Anastasia Marchenko.

As I wrote here, I’ve been reading Anastasia Marchenko’s 1847 collection Путевые заметки (“Travel notes”); having finished the two stories in that first edition, Три варьяции на старую тему (“Three variations on an old [in the 1853 edition, одну ‘one’] theme”) and Гувернантка (“The governess”), I’m ready to add her to the ranks of the unjustly forgotten. I am glad to see that Belinsky, who calls it (in his last article, a review of Russian literature for 1847) the most remarkable literary book published separately that year, agrees with me that the first is the prize of the pair. The narrator is a woman recalling the great adventure of her life, an on-again-off-again sort-of-romance with a man whom she met when she was twenty and he fifteen; the first chapter is called “Lyolya” (the diminutive by which he was then known), the second “Alexis” (the Frenchified form he used as a cocky young man with a European education), and the third “Aleksei Petrovich,” his official name (to match his by then official personality), and it’s told with a winning brio that promises well for the author’s career — it’s astonishing that she was a teenager when she wrote and published it (in Odessa). It brought to my mind Lermontov’s lines “Герой известен, и не нов предмет;/ Тем лучше: устарело все, что́ ново!” (“The hero’s known, the subject isn’t new; so much the better — all that’s new’s grown old!” from a poem she quotes several times for chapter epigraphs, along with Pushkin and — God save the mark! — Bulwer-Lytton). The other story, while decently written (if overlong), is basically just another society tale of the sort that had been so popular in the 1830s, full of balls and card tables, confessions and renunciations, flaming cheeks and rosy lips; the novelty was that the narrator was a governess (a profession the author tried briefly). Either would make a good entry in an anthology of women’s writing from tsarist Russia, but it’s the first that makes me want to read more of her. Olga Demidova says of her in Dictionary of Russian Women Writers:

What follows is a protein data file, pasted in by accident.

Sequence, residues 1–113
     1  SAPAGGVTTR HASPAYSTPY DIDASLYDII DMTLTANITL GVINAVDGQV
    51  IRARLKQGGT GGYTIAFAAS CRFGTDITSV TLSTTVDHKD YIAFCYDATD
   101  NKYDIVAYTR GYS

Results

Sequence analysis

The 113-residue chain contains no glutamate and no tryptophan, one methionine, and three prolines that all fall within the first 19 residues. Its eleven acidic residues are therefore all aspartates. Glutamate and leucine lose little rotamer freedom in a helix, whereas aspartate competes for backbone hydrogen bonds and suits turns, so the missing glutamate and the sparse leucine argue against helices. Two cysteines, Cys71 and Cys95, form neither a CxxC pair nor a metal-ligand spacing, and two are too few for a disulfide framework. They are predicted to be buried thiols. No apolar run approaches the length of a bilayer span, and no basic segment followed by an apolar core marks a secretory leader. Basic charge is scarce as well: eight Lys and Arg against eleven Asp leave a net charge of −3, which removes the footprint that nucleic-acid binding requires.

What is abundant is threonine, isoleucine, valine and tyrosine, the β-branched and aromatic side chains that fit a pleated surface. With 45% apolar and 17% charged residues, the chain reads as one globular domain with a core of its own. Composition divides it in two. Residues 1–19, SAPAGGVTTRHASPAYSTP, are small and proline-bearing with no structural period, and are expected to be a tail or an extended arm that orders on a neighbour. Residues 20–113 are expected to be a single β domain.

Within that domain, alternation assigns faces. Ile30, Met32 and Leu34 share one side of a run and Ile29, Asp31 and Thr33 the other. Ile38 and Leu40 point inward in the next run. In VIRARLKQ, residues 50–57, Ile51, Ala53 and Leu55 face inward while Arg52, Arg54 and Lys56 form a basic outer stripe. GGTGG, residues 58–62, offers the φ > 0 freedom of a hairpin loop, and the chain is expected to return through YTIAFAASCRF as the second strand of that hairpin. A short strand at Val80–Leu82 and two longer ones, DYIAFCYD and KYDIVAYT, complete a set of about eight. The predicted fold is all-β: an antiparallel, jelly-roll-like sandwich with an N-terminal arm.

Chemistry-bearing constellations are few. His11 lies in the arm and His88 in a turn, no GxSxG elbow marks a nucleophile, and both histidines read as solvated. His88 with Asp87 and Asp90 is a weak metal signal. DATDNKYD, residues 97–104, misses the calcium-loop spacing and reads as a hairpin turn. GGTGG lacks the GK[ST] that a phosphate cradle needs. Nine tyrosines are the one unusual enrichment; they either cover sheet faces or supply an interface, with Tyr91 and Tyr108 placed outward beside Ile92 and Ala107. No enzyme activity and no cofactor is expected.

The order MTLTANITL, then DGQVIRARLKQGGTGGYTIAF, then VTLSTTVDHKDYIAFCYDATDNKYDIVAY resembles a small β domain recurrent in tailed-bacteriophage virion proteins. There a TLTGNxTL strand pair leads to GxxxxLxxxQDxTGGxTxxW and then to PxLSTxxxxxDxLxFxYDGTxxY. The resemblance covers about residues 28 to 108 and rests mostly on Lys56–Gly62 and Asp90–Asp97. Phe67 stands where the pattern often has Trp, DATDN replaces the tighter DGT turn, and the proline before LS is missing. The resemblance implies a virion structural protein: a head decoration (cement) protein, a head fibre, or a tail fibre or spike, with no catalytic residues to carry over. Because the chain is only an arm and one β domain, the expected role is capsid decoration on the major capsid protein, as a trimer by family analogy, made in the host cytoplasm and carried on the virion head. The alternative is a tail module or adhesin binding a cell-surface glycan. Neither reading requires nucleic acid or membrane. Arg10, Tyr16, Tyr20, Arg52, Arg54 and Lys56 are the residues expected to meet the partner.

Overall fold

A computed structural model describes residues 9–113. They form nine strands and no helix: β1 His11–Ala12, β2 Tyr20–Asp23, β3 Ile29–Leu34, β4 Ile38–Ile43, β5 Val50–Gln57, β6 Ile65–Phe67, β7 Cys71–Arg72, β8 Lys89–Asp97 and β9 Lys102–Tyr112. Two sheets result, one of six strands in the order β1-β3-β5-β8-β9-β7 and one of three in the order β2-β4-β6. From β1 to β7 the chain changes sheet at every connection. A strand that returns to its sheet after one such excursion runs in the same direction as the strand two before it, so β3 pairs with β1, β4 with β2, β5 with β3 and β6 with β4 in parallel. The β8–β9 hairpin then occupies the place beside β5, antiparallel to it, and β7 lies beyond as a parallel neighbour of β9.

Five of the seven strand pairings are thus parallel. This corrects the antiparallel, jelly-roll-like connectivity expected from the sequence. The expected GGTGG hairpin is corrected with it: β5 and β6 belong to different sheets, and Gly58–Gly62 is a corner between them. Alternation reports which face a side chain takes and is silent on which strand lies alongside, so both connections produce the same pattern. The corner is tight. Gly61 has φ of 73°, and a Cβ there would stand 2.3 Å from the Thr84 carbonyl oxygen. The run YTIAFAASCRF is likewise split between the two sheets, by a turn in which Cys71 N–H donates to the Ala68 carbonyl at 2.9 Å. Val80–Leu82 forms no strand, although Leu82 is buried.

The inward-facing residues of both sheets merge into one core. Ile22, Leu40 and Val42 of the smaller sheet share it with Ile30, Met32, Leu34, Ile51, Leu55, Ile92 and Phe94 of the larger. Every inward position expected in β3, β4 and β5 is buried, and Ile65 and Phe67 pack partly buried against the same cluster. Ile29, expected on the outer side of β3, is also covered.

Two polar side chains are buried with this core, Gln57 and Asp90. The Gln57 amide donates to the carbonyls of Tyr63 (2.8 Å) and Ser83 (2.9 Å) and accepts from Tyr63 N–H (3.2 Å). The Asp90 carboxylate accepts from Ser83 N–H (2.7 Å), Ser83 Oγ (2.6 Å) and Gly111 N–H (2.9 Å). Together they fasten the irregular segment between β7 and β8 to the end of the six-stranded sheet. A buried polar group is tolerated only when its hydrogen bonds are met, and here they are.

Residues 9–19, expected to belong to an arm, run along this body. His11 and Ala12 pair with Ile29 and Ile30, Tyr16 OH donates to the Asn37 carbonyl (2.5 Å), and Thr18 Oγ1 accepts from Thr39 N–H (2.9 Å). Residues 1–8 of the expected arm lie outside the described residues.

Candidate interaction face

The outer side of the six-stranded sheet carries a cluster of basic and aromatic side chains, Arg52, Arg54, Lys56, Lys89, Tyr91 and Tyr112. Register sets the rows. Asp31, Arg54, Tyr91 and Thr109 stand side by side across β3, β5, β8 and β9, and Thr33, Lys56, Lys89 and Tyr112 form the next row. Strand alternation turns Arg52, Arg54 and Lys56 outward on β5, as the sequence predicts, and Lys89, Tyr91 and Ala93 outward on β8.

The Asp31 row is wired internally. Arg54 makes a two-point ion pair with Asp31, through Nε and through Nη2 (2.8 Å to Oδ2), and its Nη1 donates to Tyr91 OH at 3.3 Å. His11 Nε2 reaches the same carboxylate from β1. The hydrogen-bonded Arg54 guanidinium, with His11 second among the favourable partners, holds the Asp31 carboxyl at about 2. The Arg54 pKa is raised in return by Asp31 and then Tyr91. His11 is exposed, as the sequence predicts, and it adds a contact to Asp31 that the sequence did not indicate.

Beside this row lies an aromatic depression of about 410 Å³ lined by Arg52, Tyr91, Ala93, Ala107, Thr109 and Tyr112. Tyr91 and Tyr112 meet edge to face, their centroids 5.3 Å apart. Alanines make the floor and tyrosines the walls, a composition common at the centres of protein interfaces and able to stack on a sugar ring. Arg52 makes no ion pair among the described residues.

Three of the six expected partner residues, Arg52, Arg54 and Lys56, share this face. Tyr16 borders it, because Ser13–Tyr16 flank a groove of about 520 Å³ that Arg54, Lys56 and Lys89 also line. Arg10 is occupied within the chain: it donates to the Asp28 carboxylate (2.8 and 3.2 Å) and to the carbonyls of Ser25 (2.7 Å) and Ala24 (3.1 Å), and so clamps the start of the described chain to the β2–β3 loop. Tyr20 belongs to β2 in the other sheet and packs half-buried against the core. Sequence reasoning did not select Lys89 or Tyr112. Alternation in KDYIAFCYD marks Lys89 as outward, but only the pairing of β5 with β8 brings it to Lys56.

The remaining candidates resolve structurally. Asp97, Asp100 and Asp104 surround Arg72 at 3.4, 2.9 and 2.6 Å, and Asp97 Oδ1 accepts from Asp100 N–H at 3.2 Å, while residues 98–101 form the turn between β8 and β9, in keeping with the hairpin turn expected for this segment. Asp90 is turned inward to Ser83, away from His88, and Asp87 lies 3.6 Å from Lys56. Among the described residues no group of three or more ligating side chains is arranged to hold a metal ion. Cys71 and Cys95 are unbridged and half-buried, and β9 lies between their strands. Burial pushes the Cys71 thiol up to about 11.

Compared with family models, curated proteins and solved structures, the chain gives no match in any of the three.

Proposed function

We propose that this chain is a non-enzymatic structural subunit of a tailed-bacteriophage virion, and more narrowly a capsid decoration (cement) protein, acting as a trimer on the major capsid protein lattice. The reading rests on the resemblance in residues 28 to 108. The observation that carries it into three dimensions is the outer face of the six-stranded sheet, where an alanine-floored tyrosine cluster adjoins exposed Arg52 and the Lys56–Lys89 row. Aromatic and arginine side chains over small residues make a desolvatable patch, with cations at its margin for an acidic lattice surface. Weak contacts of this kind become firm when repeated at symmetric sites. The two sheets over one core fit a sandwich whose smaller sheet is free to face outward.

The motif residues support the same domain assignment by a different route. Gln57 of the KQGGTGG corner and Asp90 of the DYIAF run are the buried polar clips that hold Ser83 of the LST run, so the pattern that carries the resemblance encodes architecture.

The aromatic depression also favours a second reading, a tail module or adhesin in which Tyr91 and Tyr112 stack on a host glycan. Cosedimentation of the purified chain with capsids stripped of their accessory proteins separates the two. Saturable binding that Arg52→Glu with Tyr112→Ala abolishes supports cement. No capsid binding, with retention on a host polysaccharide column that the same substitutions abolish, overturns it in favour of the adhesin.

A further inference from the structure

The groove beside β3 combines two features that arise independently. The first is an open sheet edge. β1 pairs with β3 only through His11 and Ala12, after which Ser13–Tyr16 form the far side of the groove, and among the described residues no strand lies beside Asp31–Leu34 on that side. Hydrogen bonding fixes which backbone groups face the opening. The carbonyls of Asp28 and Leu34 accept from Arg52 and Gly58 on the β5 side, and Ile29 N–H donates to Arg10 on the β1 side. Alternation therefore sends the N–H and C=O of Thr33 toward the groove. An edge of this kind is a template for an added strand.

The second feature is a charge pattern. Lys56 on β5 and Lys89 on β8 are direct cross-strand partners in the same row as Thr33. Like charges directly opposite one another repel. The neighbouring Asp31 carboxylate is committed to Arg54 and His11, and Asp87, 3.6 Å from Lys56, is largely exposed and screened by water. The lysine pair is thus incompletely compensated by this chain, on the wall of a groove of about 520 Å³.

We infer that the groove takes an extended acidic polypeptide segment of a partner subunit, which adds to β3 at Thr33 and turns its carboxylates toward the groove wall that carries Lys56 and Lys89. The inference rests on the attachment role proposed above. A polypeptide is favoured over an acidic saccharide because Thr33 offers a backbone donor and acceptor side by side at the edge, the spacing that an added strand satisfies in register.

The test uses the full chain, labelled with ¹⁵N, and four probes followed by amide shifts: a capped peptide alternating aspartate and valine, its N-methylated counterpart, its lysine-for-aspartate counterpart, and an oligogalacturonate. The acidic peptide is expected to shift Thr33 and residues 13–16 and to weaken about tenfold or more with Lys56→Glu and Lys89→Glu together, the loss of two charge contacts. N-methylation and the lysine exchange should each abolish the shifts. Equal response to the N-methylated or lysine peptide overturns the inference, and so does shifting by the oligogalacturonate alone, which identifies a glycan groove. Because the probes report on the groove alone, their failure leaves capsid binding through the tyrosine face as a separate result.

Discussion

Her main themes were love and marriage. In all of her writings, Marchenko propagated George Sand’s message that a woman should be free to love whomever she chooses and that the first freedom was to be found in an equal relationship and marriage. Thus, Marchenko was addressing the “woman question” as early as the 1840s although, as was later noted, “her experience gave her a broader perspective on work and on the necessity of enjoying life than that expressed by strict followers of the theory of emancipation” […]

Many of Marchenko’s stories are in the then popular form of a woman’s diary (zapiski), with the narrator-observer always present. As was typical of women’s literature of the period, Marchenko has constant recourse to lyrical digressions, pouring out the complaints, dissatisfactions, and emotions flooding her soul. Consequently, not all of her writings are of equal quality: among her numerous stories and novels “Around and About” (Vokrug da okolo, 1855), “Hills” (Gory, 1856), “The Salamander” (Salamandra, 1859), and Soap Bubbles (Myl’nye puzyri, 1858) are considered her best. […]